Saucey has seen a surge in orders amid the coronavirus pandemic.

Saucey has seen a surge in orders amid the coronavirus pandemic.

For Saucey Inc. Chief Executive Chris Vaughn and his Beverly Hills-based team, the signs pointing to a spike in demand for their alcohol delivery app came well ahead of March 19.

That’s when Los Angeles Mayor Eric Garcetti made his “Safer at Home” announcement requiring the closure of all nonessential businesses, including bars and restaurants, except for takeout and delivery.

Vaughn, the 32- year-old founder of the mobile delivery app, said the writing was on the wall earlier in March when Covid-19, which is caused by the novel coronavirus, claimed March Madness and the National Basketball Association and National Hockey League seasons, all of which drive out-of-home drinking.

“Alcohol consumption is about 50-50 on-premise and off-premise. On-premise being bars, restaurants, and hotels, and off-premise being liquor stores and groceries,” Vaughn said.

“In the first wave, the closures of … stadiums and sporting events, March Madness canceled,” he added, “you had almost half the distribution points just turn off for this industry.”

The effects were dramatic for Saucey’s business. On the day of the mayor’s press conference and the implementation of Gov. Gavin Newsom’s statewide containment measures, Saucey saw a 300% jump in Los Angeles-area sales. 

The company’s sales had surged earlier in the month in San Francisco when that city went into a shelter-in-place lockdown.

Vaughn’s team saw the San Francisco surge as an opportunity to plan to better safeguard couriers and customers. The company implemented enhanced safety measures, including no-contact delivery, no-contact ID scans for proof of age and the elimination of signatures on receipt.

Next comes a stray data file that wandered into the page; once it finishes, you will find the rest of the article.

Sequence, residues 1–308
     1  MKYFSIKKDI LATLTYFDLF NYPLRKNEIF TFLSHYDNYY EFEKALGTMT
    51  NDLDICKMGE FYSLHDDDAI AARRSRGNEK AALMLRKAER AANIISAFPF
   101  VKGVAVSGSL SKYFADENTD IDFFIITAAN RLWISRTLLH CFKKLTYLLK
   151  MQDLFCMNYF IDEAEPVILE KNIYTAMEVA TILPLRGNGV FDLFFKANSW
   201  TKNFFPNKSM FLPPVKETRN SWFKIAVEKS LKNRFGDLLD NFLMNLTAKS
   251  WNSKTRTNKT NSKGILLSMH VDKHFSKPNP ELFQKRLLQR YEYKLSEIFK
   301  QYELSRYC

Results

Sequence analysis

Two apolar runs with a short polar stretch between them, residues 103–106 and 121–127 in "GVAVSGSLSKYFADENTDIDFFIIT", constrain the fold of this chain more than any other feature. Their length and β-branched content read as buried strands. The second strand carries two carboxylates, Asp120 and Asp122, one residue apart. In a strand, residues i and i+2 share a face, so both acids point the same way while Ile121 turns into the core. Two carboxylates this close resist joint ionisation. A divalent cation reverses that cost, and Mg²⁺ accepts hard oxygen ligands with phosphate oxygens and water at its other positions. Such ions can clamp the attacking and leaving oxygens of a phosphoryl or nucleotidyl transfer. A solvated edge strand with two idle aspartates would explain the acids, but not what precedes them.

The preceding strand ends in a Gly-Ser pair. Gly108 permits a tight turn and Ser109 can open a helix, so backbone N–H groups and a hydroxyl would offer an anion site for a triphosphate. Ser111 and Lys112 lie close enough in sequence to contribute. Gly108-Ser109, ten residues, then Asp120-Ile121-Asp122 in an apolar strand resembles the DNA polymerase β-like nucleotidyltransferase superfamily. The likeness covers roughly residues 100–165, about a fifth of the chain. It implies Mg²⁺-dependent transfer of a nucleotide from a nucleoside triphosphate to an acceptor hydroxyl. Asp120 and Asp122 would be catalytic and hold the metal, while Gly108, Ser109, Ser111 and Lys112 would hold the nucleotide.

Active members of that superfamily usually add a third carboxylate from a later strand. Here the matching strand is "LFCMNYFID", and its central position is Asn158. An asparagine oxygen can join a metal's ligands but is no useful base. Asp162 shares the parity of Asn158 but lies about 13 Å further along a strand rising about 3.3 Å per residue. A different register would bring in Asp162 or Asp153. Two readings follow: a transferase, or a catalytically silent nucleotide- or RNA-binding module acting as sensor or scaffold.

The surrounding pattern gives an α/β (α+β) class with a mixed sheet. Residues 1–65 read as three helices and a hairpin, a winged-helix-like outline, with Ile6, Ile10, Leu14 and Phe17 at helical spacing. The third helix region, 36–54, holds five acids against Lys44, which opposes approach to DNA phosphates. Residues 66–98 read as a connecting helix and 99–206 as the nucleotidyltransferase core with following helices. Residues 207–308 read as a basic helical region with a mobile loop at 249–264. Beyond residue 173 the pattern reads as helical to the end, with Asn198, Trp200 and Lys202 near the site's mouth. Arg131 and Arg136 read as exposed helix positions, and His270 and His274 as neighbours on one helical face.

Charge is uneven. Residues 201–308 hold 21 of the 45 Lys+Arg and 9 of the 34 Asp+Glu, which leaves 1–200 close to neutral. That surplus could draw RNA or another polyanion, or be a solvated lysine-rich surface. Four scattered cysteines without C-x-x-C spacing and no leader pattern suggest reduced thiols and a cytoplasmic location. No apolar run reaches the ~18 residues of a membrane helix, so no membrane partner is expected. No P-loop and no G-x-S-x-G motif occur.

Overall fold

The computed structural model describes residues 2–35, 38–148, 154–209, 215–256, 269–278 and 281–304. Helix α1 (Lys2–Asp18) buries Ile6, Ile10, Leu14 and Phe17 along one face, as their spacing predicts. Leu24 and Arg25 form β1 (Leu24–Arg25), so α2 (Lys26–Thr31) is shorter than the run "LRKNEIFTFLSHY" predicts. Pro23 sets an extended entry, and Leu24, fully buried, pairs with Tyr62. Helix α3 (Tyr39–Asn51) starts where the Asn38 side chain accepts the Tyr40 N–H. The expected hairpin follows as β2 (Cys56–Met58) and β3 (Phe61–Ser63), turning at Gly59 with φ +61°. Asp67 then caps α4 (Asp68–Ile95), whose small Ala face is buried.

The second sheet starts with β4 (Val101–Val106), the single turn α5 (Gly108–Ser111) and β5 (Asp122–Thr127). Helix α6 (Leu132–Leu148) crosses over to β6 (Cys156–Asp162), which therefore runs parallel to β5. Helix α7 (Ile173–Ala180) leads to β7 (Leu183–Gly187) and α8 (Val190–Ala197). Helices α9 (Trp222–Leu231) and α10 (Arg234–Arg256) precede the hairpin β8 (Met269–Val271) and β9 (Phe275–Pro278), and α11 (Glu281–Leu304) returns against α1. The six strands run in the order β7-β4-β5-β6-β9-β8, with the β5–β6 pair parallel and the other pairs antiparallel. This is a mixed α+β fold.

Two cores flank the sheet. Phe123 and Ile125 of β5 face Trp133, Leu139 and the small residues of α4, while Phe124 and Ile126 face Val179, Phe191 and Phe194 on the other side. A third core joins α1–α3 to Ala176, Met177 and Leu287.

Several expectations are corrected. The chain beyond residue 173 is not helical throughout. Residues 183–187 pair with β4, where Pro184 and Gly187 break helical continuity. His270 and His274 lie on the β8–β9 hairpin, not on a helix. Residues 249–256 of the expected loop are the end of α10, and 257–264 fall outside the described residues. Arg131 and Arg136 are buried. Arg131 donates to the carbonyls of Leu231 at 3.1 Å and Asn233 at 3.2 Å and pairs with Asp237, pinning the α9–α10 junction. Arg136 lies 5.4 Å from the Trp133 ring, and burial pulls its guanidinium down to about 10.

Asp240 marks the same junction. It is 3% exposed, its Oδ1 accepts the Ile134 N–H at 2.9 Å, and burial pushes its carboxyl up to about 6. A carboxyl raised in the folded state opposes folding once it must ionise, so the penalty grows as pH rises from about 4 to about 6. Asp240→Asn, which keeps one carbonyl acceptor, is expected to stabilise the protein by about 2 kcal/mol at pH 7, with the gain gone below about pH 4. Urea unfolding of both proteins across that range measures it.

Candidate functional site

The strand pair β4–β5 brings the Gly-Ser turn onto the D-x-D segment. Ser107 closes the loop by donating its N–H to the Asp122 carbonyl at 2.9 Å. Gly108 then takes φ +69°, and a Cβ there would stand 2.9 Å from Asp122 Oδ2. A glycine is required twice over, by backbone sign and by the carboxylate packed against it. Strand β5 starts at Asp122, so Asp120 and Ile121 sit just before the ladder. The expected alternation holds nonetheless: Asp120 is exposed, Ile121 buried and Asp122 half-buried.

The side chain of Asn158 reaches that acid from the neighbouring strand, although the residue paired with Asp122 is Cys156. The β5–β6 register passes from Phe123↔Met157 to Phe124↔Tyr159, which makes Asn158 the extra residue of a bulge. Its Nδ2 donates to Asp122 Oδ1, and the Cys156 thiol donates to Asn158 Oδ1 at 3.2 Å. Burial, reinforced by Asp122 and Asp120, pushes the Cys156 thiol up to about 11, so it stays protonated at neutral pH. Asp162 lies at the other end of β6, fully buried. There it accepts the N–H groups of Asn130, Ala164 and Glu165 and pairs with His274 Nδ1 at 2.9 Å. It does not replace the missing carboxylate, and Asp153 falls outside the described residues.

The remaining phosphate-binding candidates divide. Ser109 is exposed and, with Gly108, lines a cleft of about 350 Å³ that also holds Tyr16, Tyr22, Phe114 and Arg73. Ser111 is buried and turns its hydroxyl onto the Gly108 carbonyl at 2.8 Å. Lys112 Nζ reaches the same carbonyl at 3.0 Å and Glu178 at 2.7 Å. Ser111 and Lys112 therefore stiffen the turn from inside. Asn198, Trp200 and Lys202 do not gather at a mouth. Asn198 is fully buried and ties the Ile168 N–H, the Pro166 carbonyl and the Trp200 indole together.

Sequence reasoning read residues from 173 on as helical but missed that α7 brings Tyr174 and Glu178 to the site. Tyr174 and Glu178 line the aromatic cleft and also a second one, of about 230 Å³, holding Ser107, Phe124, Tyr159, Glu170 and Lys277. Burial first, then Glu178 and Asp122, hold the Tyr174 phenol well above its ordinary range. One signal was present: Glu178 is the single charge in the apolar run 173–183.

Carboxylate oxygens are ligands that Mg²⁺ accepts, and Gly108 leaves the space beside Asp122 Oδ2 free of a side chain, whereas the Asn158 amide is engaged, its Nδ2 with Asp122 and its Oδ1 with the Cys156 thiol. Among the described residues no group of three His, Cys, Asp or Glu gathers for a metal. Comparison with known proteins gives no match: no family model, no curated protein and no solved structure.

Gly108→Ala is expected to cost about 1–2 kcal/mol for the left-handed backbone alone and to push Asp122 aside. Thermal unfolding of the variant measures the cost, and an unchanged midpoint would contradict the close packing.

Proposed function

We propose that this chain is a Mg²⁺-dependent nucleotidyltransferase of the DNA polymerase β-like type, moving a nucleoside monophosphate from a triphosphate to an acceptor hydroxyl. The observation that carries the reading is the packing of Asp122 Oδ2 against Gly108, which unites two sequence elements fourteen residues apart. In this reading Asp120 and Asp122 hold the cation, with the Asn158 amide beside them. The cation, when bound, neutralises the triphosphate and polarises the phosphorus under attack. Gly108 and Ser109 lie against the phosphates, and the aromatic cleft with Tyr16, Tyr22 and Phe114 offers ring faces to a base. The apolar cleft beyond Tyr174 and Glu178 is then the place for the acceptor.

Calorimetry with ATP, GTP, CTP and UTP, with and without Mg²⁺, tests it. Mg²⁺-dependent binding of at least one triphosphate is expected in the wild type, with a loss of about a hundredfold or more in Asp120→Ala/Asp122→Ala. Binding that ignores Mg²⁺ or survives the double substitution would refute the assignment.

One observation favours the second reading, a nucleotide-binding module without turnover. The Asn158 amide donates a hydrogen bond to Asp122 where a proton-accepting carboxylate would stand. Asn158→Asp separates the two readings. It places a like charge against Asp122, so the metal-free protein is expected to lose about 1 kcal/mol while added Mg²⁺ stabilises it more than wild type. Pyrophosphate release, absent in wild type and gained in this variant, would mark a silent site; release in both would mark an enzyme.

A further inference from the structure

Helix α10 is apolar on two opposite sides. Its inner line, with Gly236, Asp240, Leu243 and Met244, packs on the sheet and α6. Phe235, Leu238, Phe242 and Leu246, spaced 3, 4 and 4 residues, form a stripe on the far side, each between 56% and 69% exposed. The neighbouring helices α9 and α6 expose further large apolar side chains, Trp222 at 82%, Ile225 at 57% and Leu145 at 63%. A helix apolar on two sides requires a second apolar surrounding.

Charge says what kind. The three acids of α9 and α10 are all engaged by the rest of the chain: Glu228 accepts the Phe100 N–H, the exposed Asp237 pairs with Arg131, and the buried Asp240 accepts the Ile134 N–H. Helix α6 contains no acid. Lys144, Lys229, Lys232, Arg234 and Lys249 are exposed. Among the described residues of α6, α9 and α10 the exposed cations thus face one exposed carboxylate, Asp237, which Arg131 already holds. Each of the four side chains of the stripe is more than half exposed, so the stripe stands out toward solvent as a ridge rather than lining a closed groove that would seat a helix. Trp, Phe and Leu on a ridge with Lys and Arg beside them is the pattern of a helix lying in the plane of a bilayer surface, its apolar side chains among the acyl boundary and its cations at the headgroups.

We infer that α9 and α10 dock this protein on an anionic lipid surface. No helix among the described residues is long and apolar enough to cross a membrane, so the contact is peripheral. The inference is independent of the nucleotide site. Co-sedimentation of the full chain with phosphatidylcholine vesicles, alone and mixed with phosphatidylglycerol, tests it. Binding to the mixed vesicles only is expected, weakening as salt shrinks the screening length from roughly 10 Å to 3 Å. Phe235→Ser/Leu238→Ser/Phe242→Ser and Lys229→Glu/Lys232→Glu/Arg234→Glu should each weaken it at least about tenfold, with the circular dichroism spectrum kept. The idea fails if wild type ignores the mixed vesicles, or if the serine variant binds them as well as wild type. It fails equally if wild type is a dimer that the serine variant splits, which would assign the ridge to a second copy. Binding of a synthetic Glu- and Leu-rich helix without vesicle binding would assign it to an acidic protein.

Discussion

Vaughn said that was part of a collective effort among on-demand delivery services, such as Amazon, InstaCart and DoorDash.

“It’s so surprising to have regulators respond so quickly,” Vaughn said. “You know, they have so many things going on, so much they’re trying to deal with it.

“They recognize that many of these cities and communities are effectively relying on delivery for people to get anything. So, they are being very open with people and across the board you see the government’s reaction to different parts of what’s happening quickly.”

Saucey focuses on wine, beer and spirits sales fulfilled through its courier network by local independent stores. Vaughn estimates single-shop retailers constitute 90% of his platform’s business, and he reports a 500% spike in ice cream sales.

Saucey also recorded a 1,000% increase in its “Essentials” category, he said: snacks, bottled water, condoms and, when available, toilet paper.

Vaughn points to improved delivery times as a silver lining. With fewer drivers on the roads, the average delivery time is down from 34 minutes to 27 minutes.  

The average cart size for orders has doubled since the state and city announcements, according to Vaughn, and subsequent days have continued to break sales records for the company in such markets as San Diego, San Francisco, San Jose, Chicago, New York and Dallas.

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